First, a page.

Eight to 10 minutes of sunlight. Maybe do it while you’re walking. Open up your view, get things passing, right? Anchor in a place of appreciation, anchor and gratitude, bathe in happiness, right? Think differently. Make sure you’re getting an appropriate amount of sleep for you each night. And the last little tidbit I’ll add in just cause I, I feel like I wanna serve. Hopefully, you get some value from this.
Jenn DeWall: You’re giving so much value, Ant. I’m like thinking, what should I do? What can I do? What can I do? I love this.
Ant DeMario: Then maybe I can dive into my specific thing. But what’s also really powerful is, and I know if you’re watching this, you’re probably an achiever like me. If you can, from 10 30 to 4:00 AM, eliminate any unnatural light, like around 7:38 PM, my lights are off here. What they found was the unnatural light was actually disrupting so much. So there’s a piece of the brain called the amygdala, and essentially what happens is it spikes your insulin levels. So that means if maybe you are working late at 11 or 12, if you’ve ever felt that like sense of anxiety or stress pulse through you, it’s because you’ve disrupted. You’ve become imbalanced biologically. So again, not telling anybody to do anything, but if you can, if you have that privilege to turn the lights down or turn ’em off so you can really steep into, slip into what I call deep sleep, it’s, it’s really, really powerful.
And if it’s okay, Jenn, I, I’d just love to touch on this too, for any leaders out there learning to move people. Often I get this in my workshops. They say, you know, I want to influence people. I wanna lead people. You know, first focus on what matters most to you, right? Have that mission bigger than you. But also I’ll hear, you know, I get butterflies in my stomach all the time. I get nervous. Like, what if they’re not gonna like me? What if they judge me? Right? Right. And I will say this, the moment you make someone feel judged, you lose the power to influence them. So you wanna show up, appreciate and understand everybody’s world, just truly curious, compassionate,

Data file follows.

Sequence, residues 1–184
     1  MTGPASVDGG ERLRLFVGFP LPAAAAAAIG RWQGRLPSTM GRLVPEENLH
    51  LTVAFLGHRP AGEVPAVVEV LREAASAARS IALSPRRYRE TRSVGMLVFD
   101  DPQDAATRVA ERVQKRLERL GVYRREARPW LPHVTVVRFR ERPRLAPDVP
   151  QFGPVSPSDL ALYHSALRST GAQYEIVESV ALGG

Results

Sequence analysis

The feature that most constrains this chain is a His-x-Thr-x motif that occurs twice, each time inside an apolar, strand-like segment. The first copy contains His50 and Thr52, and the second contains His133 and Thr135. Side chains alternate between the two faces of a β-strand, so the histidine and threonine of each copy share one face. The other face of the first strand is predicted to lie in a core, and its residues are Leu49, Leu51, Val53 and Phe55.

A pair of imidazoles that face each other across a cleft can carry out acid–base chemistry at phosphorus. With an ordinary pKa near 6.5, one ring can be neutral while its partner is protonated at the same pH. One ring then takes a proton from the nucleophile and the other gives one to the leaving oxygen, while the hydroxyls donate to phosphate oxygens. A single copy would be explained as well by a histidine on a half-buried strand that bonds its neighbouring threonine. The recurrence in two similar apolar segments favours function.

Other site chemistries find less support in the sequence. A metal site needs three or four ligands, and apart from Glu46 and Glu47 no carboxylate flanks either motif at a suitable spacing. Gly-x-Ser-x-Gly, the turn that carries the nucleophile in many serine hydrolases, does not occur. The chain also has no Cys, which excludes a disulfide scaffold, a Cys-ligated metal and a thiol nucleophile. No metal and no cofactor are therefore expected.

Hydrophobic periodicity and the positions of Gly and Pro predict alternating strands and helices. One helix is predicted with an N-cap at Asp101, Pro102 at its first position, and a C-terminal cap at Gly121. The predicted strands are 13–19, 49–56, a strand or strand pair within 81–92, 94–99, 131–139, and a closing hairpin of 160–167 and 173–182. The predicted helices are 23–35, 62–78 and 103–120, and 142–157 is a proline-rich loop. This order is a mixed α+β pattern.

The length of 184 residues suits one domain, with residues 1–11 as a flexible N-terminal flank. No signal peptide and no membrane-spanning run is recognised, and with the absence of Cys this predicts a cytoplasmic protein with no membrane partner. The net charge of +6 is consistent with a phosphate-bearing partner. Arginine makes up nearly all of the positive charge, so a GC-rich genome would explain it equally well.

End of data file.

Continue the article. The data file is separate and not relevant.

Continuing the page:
The Moment You Judge Someone, You Lose the Power to Influence Them
Jenn DeWall: Wait, say that one more time because I think that that’s a really important point.
Ant DeMario: Yeah. The moment, as a leader or somewhat of influence, the moment that person feels judged by you, you lose power to influence them. So I call it a little arc. You wanna appreciate and understand the world. You wanna align, be relatable, establish rapport, and uncover the truth. Like how are you like there to serve them? And some people say, you know, my people are saying they’re stressed. Well, if you ask enough questions, you can follow the trail of stress right to fear, right? And then ultimately, the most important piece is the leader of someone’s influence; this last piece that I see is, is not mastered yet.
Jenn DeWall: Can I go back to that point that you just made? Because I think, you know, influence, there’s, there’s likely that fear that comes up or that self-judgment that comes up when maybe we’re writing to someone that we don’t get along with very well, or we maybe don’t like very well. Or if they’re sitting in a meeting with us and we know that we have, you know, half the group that they’re on our side, we get them. And then the other half, I don’t know how they feel about me.
This is when you really need to be cognizant. Because if you start judging and creating these divides, that’s what Ant’s saying, yes. You really lose your ability to influence and connect. And if you think about that, expanding it to the team, you can’t motivate half of the team and not the other half of the team. And so that’s where like, how do you suspend judgment? I mean, curious. Ant, have you ever found someone that you don’t like? Because I feel like you love everyone. So how do you suspend judgment?